U.S. Islamic charities feel post 9/11 heat

Islamic charities in the United States complain they are being unfairly scrutinized and persecuted as part of a broader backlash against Muslims since the September 11 attacks.

U.S. Islamic charities feel post 9/11 heat

The issue has come under renewed focus as a major trial gets under way in Dallas in which the U.S. Department of Justice is trying to prove the Holy Land Foundation charity illegally sent money to the  Palestinian group Hamas.

"We feel our faith and charity which are very important to us are under attack in this trial," said Khalil Meek, spokesman for Hungry for Justice, a coalition of civil rights groups offering support to the defendants in the trial -- the charity and seven men linked to it.

U.S. law enforcement officials maintain some Islamic charities have been used as fronts to channel cash to groups Washington has deemed terrorist.

Holy Land was one of the largest Islamic charity groups in the United States and one of six in the country that have been shut in recent years, according to OMB Watch, a government transparency watchdog. Estimates vary but there are thought to be about a dozen still operating in the United States.

Islamic activists say charities that donate to Palestinian causes have been singled out.

"Any charity that decides to provide aid to Palestine is either shut down or intensely scrutinized," said Meek, who is also president of the Muslim Legal Fund of America.

Other Islamic charities also find it tough.

"It is very difficult right now for American Muslim charities to operate and at the same time American Muslims themselves are finding it difficult to donate to these charities," said Nidal Ibrahim, executive director of the Arab American Institute.

He said the institute has asked the Bush administration to issue a "seal of approval" for those charities that have been examined closely and found to be operating lawfully.

"At the end of the day, American Muslims give to these charities out of a sense of goodwill and to fulfill a religious obligation," Ibrahim said.

COUNTERPRODUCTIVE

There is no hard data on whether donations to U.S. Islamic charities have fallen in recent years -- especially as donors are wary of the government's intentions.

"Donors are afraid money might be frozen so they are giving cash or kind through informal channels, making it hard to estimate the current size of donations," said Kay Guinane of OMB Watch.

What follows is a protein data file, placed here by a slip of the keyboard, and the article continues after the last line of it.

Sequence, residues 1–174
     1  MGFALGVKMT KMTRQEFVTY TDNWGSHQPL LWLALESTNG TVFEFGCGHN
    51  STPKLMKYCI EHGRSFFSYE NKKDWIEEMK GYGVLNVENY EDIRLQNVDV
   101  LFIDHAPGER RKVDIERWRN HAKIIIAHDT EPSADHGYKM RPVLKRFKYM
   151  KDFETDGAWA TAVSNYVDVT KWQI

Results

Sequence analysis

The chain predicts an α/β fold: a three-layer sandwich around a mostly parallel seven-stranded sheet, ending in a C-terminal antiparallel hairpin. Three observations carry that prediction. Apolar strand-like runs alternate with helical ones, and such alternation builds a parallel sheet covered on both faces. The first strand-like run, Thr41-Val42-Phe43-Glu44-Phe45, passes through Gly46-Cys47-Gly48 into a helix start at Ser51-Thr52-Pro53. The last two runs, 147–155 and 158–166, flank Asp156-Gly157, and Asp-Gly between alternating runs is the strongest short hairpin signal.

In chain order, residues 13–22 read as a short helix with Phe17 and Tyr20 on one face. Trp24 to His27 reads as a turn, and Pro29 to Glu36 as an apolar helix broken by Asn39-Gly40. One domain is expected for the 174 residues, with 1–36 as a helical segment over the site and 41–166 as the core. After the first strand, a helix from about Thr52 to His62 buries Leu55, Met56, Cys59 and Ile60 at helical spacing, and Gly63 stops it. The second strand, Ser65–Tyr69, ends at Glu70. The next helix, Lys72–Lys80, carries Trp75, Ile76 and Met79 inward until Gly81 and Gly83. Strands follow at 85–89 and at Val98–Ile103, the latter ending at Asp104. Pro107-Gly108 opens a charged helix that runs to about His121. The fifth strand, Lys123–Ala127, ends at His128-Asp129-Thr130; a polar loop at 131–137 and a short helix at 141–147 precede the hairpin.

Some critics say that is counterproductive.

"Ten years ago you may have had several charities channeling the flow but now you have people carrying money into a region like the Middle East," said Salam Al-Marayati, executive director with the Muslim Public Affairs Council.

"So from a policy perspective we don't feel this is conducive for effectively countering terrorism financing."

U.S.-based Muslim charities give to a range of causes.

Islamic Relief, which has a U.S. office in California, has an "Action for Africa Appeal" focused on Somalia and Ethiopia and a few other countries.

"As the climate changes, millions of people in Somalia are struggling to survive," it says in an appeal on its Web site.

U.S. Muslims, especially Arabs, feel isolated with radical Islam the main target of the U.S. war on terrorism.

An Arab American Institute/Zogby poll released on July 16 found three-quarters of young Arab Americans reported they felt discriminated against because of their ethnicity.

Jury selection for the Holy Land trial has begun and opening arguments in what will likely be a long trial were set to start on Monday -- after an already drawn out process. Holy Land is alleged to have channeled $12.4 million to Hamas; it was shut late in 2001.

The indictment against Holy Land maintains among other things that three of the accused met with Hamas activists in Philadelphia in October 1993 to discuss ways to support the movement and oppose Israeli-Palestinian peace initiatives.

"The attendees acknowledged the need to avoid scrutiny by law enforcement officials in the United States by masquerading their operations under the cloak of charitable exercise," says the indictment.

"To that end, the attendees discussed the need to conceal their true motives and objectives by giving nominal amounts to other non-Palestinian charities," it says.

Previous trials along the same lines in Illinois and Florida have failed to produce convictions.

Reuters

Güncelleme Tarihi: 21 Temmuz 2007, 23:27
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